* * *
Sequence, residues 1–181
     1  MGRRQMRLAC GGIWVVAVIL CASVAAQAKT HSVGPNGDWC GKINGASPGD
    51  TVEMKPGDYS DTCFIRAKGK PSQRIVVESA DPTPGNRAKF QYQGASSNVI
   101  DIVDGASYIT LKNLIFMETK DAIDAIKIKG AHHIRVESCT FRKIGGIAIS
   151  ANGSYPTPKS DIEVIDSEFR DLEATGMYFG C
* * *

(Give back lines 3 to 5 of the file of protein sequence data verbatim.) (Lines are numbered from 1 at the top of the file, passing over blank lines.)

    51  TVEMKPGDYS DTCFIRAKGK PSQRIVVESA DPTPGNRAKF QYQGASSNVI
   101  DIVDGASYIT LKNLIFMETK DAIDAIKIKG AHHIRVESCT FRKIGGIAIS
   151  ANGSYPTPKS DIEVIDSEFR DLEATGMYFG C